Set load-in and construction has begun on the Brown Stage of the Wortham Center for the world-premiere of Andre Previn's second opera - Brief Encounter. Seven months ago the staff of Houston Grand Opera sat anxiously in a rehearsal room at the Wortham waiting for the visual presentation of what Brief Encounter would look like. Costume and set designer Bunny Christie unveiled a beautiful scale model (pictures below) of her idea and the wheels were set in motion.




The actual sets were then constructed in Chicago and shipped to Houston. Opera sets have to be created in such a way that they can be broken down into smaller pieces to make shipping easier when other companies rent the production and for ease of storage. The set "pieces" took two days to assemble. (Construction photos are below)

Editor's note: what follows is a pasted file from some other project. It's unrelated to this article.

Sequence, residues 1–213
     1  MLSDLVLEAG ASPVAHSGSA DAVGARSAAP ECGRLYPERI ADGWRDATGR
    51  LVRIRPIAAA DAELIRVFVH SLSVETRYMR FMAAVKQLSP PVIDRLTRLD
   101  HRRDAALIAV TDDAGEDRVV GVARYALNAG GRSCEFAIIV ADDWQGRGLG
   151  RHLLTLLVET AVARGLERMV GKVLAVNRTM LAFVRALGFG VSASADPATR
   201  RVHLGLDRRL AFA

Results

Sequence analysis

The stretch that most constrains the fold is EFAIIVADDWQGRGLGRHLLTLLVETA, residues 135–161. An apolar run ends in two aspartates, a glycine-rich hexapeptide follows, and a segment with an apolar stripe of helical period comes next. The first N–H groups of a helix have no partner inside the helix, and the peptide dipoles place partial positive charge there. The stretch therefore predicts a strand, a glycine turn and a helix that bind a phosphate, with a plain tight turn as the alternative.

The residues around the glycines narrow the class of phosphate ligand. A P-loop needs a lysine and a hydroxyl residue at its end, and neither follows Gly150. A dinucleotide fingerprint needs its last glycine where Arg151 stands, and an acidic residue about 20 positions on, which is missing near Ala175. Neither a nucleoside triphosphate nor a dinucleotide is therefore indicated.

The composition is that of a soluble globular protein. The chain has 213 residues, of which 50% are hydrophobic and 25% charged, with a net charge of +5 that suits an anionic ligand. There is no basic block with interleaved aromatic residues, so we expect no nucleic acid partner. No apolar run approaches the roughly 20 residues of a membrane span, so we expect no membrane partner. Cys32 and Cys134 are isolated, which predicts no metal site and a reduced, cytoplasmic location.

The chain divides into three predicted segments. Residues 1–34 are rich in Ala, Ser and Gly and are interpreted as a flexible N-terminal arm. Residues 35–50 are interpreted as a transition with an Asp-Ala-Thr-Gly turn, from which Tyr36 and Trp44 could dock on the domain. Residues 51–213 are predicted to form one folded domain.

Huge fantastic sets are just one of the things that make grand opera...grand!


Thursday, January 29, 2009

Diary of an actor dog...





Hi ya’ll and welcome to my blog! The folks at HGO asked me to share my diary with you and give an insider’s perspective into the life and times of HGO’s favorite show dog….me! Buddy’s the name and barking’s the game (sometimes a little too much, but that’s another story). A Midsummer Night's Dream is a crazy story about a bunch of mixed up humans ... "Oh what fools these mortals be."



Dec. 21st
Well, it’s my first day on the job and boy and I am excited! Everyone seems so nice, but I don’t understand why everyone is screaming at the top of their lungs for hours on end. I don’t think they’re mad, but they’re all so noisy! I think they call that singing…but I am more partial to howling. This Benjamin Britten fella sure has some great sound though.

Already there have been some changes since I arrived. Neil the director added a moment where Adam Cioffari (Who plays Snug the Joiner and later a lion) gives me a bit of his sandwich….I wholeheartedly approve! Wonder if I can specify the kind of sandwich?